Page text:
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Difference Between Moisturizing and Hydrating the Skin

Hydrating Vs Moisturizing: Understanding the Difference

Scientifically speaking, a moisturizer is used as an umbrella term that brings together several moisturizer types. These include:

  • Occlusive
  • Squalene (oil)
  • Emollients (fats and oils)
  • Humectants

However, when it comes to markets and shopping for skincare products, the term moisturizer has definitely undergone a makeover in recent years.

Today hydrating and moisturizing are both marketing terms that are being used interchangeably and are defined by the big cosmetic brands according to what they want them to mean.

However, there is no gold standard for correctly differentiating hydrating and moisturizing, and for the most part, cosmetic brands are using these two terms to differentiate how the skin is getting the moisture that it needs.

The technical terms remain occlusives, which you will observe on products labeled as humectants, moisturizers, or hydrators.

Moisturizers can be defined as oil-based ingredients, which also includes occlusive agents such as mineral oil or petrolatum, as well as emollients such as plant oils and esters. Moisturizers function by creating a type of seal on the surface of the skin. This prevents the water from escaping from your skin and also makes the skin feel less dry and smoother.(1)

On the other hand, hydrators are ingredients that are known as humectants, including hyaluronic acid or glycerin. These products absorb the water from the atmosphere or your skin and retain it in place on your skin.(2)

It is essential that you recognize that moisturizers and hydration work in very different ways. This is essential because this will help you make a decision that will make or break the health of your skin. The end goal, however, might be the same – this will include better-hydrated skin. The overall decision on which product you should be using depends on the type of skin you have.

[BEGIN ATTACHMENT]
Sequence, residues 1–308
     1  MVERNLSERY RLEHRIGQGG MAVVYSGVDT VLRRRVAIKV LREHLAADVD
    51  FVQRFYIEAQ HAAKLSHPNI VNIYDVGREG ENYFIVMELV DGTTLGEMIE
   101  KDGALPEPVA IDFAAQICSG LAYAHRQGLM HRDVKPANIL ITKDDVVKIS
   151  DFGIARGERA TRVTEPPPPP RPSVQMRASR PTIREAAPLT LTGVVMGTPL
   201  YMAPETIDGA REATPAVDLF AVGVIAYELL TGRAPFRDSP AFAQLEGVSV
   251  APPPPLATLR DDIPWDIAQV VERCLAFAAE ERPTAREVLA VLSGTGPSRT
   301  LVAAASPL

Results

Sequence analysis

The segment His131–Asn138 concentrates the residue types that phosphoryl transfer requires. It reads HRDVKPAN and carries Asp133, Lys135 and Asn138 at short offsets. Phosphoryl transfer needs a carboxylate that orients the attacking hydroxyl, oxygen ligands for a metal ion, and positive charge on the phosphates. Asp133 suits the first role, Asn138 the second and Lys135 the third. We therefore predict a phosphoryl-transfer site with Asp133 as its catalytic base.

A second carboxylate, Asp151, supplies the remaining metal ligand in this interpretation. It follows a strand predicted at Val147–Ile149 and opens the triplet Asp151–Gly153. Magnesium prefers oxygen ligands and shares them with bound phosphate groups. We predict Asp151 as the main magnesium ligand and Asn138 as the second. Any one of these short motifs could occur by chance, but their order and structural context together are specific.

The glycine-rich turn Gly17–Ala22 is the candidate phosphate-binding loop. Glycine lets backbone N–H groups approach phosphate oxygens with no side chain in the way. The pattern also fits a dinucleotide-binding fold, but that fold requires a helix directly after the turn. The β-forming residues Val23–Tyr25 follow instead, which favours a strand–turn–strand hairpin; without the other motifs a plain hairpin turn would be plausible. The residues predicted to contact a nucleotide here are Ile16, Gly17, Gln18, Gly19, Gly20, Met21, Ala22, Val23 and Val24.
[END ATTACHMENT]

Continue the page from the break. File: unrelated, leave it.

Which Is Best For Your Skin, Moisturization or Hydration?

There is no shortage of products in the market – from oils to creams to balms, gels, and ointments and even hydrators. While people think that all these have a different role to play on your skin, the truth is that most of these products all do the same thing only.

Most skin products contain both emollient and occlusive ingredients as well as humectant ingredients. Due to this, these products are able to hydrate and moisturize at the same time. The fact is that any form that a product takes, be it in the form of a gel, balm, oil, cream, or any other form, it does not really have an effect on the performance of the product. Ultimately it is the ingredients that matter, and the formation simply affects the experience you have while applying these ingredients.

This is why it is essential to read the ingredients and then choose the product. You may notice that sometimes your skin will do better when you only use a hydrator or a moisturizer, not both the products together. It is necessary to learn how your skin likes to moisturize or hydrate, and by knowing this, you will be able to maximize your method of hydrating your skin.

For Dry Skin Use a Thicker Moisturizer

If you have a skin type that remains naturally dry throughout the year and also tends to peel or flake, then the chances are that your dryness is not related to the weather. Instead, your skin is just having a difficult time retaining any moisture.

In order to keep your skin moisturized, you will need to use a moisturizer that creates a protective barrier on the surface of your skin to lock in the moisture. For this purpose, using a thick, emollient moisturizer will help prevent any water from leaving your skin and causing it to become dehydrated. Furthermore, using the correct formula will provide your skin with the required nourishment and nutrients that your skin and complexion requires for thriving throughout the year, not just during the winter months.